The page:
As this bloody dance between the two characters escalates, the film really begins to take off. Director Kim Jee-woon, who made “A Tale of Two Sisters” and last year’s crackling “kimchi western” “The Good, The Bad, The Weird,” knows how to manipulate an audience. He’s not interested in making a classic cat-and-mouse chase where the outcome and the viewer’s allegiance is never in doubt. Instead he creates a sort of cat-and-equally-scary-cat scenario, and invites us to react as we see fit. Kyung-chul is an unrepentant, inhuman murderer. But Soo-hyn’s not much better. So who do you side with? You can’t even really root for humanity in general, since almost every character in “I Saw the Devil” turns out to be a psychopathic killer, right down to the random taxi driver who picks up a hitchhiking Kyung-chul and just happens to have a dead body in the trunk of his car.

Jee-woon’s not the first guy to hypothesize that a man might have to become a monster in order to defeat a monster. But with the film’s unrelenting pacing and visceral action sequences, there’s very little time to dwell on the clichés. Just as he did in “The Good, The Bad, The Weird,” Jee-woon nails that irresistible mix of compelling characters and inventive fight and chase choreography. He’s also uncommonly good at building interesting worlds for his deranged heroes and villains to do battle in: the Eastern Western frontier of “The Good, The Bad, The Weird” and now the dark, sinister landscape of “I Saw the Devil,” all remote houses in the woods, empty nighttime roads, and menacing meat lockers. This movie makes a very strong argument for vegetarianism.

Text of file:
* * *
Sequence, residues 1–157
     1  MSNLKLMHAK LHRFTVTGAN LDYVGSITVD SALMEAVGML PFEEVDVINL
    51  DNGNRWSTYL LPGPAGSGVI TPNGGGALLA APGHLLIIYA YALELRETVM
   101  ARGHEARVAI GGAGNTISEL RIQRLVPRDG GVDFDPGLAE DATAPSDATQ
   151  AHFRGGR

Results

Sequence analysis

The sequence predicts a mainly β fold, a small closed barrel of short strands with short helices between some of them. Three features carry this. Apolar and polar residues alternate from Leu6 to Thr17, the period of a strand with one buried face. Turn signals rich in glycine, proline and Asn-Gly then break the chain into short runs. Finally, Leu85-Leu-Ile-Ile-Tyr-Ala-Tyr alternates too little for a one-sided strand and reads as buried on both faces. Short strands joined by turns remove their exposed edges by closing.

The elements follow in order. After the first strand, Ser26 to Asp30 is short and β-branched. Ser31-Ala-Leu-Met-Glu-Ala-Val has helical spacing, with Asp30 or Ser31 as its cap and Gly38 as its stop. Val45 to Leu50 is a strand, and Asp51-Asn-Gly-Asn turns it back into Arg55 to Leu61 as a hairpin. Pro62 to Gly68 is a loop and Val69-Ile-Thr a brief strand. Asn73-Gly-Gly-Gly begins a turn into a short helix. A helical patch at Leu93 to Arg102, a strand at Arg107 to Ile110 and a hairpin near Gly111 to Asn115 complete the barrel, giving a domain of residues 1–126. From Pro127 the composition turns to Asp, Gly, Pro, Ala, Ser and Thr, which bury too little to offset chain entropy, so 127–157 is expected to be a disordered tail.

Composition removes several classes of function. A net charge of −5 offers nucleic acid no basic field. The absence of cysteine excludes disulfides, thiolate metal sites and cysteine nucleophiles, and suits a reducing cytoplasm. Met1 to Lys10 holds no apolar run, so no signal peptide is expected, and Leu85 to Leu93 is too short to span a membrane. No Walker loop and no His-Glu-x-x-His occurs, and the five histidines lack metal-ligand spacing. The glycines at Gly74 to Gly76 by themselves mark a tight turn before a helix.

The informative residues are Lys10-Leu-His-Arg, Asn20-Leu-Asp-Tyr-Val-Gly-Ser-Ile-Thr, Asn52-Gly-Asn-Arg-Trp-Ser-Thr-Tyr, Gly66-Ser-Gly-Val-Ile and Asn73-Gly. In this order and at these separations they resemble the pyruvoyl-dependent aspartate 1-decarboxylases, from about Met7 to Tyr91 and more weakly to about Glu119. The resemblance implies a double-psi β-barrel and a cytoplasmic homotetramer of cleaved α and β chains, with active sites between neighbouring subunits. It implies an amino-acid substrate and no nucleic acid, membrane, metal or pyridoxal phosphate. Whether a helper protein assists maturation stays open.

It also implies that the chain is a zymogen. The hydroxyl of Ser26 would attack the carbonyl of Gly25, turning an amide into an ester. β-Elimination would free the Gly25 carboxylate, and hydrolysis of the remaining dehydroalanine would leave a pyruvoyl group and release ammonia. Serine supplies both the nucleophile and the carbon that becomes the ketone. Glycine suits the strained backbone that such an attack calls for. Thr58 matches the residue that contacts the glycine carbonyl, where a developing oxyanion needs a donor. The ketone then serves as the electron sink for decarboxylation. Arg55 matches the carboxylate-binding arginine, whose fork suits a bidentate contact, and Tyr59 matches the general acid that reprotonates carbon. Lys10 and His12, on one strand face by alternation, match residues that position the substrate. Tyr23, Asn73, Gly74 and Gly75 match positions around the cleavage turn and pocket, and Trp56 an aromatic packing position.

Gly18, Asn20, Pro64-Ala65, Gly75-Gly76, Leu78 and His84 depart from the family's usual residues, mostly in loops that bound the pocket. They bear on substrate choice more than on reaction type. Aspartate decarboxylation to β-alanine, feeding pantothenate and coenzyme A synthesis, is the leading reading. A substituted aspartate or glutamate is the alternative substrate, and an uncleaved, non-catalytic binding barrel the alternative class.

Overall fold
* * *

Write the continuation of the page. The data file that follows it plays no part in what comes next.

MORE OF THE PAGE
Jee-woon starts from a place we have seen before — somewhere between “Saw” and “Death Wish” — but the journey from there is uniquely his. His two leads are perfect foils for one another. One’s homely, the other’s handsome, but both are equally terrifying, an obvious but effective statement on the way that evil comes in all shapes and sizes. So do movies, but most aren’t this good.